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ASH: Mechanism of Activated Protein C Investigated

Animal study disproves notion that APC's anticoagulant activity controls severe sepsis

MONDAY, Dec. 11 (HealthDay News) -- The anticoagulant action of activated protein C, or APC, -- the only FDA-approved treatment for severe sepsis -- is not the key reason the treatment is effective, according to research presented this week at the 48th Annual Meeting of the American Society of Hematology in Orlando.

Hartmut Weiler, Ph.D., of the Blood Center of Wisconsin in Milwaukee, and colleagues exposed mice to a bacterial toxin. After sepsis developed, the mice were treated with standard APC or APC variants that had reduced anticoagulant activity.

Overall, the researchers found that treatment with all types of APC reduced mortality from 50 percent to less than 10 percent in normal mice. But they found that APC did not improve survival in mice genetically altered to lack endothelial protein C receptor or protease-activated receptor-1, suggesting that both receptors are necessary for APC's action. They also found that death occurred in all of the mice receiving standard APC treatment within hours of Staphylococcus aureus infection, but not in those receiving APC variants, showing that APC's anticoagulant activity may actually impair the body's natural defenses.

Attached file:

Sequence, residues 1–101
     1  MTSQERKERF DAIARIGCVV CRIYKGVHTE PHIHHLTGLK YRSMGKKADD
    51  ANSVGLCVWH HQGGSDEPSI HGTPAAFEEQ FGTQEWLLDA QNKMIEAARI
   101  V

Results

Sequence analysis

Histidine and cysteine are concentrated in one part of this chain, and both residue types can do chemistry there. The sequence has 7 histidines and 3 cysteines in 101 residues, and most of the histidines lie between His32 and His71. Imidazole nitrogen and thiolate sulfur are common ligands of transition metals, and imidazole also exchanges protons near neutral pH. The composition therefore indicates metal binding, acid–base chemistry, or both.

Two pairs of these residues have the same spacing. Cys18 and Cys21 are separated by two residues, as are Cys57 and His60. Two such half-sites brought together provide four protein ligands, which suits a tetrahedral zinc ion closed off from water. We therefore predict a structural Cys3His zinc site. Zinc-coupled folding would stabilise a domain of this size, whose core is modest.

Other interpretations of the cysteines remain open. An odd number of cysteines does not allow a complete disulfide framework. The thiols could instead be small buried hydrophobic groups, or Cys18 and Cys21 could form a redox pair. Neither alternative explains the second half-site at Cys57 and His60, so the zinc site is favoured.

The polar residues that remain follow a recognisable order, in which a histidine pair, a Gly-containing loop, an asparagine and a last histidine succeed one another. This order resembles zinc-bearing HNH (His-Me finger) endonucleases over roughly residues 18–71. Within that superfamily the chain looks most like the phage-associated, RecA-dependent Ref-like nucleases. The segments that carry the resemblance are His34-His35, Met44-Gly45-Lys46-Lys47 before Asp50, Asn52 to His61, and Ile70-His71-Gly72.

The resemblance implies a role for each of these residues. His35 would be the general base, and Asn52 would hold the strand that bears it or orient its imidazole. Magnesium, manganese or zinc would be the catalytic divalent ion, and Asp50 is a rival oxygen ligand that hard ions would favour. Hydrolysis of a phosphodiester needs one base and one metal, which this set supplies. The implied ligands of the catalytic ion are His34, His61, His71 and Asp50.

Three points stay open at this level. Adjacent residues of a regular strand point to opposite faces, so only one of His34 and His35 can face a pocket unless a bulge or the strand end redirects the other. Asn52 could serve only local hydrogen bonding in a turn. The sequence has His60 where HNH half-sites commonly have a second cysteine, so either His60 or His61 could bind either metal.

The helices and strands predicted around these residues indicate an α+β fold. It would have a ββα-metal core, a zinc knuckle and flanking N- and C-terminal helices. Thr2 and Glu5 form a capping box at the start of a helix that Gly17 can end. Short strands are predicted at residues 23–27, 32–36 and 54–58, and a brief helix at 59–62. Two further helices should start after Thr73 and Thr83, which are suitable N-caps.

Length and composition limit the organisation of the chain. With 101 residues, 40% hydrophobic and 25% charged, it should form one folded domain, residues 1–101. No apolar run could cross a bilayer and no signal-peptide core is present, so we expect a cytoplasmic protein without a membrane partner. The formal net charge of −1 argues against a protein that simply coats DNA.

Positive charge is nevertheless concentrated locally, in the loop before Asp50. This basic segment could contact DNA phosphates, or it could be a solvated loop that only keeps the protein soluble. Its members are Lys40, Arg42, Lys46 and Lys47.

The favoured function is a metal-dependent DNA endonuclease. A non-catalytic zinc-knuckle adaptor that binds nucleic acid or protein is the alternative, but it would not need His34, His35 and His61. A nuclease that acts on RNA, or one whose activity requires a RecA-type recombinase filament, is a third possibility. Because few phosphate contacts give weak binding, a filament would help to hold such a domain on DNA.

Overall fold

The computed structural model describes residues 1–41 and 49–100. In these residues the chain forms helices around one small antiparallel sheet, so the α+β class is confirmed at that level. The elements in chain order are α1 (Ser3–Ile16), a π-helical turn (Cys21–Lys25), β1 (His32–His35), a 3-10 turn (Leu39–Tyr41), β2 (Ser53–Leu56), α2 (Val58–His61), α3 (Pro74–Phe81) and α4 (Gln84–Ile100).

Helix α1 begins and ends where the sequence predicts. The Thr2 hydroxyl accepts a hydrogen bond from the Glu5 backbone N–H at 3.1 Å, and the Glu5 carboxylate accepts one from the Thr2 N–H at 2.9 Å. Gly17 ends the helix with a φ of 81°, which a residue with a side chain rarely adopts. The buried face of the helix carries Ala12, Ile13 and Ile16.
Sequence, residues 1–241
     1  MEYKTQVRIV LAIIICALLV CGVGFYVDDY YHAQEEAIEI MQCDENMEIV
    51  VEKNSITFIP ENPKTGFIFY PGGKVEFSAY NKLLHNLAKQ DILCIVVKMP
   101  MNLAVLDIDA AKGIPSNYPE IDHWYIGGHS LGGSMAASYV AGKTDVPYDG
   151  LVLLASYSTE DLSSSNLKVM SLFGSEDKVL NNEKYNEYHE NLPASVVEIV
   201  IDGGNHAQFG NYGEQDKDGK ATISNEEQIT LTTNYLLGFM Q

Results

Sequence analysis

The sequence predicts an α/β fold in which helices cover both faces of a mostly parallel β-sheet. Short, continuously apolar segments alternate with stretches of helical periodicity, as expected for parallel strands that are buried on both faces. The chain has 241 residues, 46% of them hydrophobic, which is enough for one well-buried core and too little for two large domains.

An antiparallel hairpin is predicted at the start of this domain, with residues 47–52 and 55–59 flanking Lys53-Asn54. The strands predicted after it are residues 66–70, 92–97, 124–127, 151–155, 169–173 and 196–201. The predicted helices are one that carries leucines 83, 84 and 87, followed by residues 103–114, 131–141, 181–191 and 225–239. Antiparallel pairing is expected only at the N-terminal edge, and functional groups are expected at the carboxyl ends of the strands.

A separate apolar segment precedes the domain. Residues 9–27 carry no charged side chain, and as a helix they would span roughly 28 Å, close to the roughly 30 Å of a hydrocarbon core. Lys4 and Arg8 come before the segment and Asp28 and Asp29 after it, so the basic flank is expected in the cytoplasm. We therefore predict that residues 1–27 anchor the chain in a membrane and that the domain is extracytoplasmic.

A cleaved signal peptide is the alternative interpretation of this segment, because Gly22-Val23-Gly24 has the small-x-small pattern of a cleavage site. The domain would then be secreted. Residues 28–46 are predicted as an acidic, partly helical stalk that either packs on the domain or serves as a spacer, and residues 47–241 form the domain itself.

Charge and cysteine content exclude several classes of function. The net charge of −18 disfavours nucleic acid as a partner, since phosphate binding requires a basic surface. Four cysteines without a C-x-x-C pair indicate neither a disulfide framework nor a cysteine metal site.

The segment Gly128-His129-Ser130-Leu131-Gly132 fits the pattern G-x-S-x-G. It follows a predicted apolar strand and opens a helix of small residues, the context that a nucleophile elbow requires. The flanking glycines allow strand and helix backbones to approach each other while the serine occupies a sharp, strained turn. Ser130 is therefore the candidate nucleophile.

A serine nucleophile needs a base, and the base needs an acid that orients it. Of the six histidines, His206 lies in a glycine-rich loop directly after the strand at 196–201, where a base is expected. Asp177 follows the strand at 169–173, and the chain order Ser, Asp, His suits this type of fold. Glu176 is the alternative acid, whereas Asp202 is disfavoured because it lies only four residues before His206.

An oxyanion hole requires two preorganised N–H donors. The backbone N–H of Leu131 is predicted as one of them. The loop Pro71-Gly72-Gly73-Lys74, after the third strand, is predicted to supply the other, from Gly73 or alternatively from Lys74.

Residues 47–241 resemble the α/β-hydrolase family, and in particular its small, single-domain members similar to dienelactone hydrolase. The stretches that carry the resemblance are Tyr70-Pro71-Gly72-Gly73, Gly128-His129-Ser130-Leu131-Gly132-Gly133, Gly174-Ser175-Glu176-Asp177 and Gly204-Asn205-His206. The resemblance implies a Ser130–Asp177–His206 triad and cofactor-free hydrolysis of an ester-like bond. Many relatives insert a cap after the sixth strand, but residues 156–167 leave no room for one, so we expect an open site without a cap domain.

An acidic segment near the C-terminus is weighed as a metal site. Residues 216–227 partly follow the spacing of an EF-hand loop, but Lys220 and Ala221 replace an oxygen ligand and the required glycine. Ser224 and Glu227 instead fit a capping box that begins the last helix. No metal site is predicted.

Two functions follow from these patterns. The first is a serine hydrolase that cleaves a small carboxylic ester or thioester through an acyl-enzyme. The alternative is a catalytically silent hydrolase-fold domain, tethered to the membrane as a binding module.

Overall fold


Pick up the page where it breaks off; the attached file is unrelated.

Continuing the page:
"These results highlight the importance of the cellular protein C pathway for APC therapy and suggest that APC variants with reduced anticoagulant action but normal potency for beneficial direct cellular effects merit further evaluation for sepsis therapy," the authors conclude.

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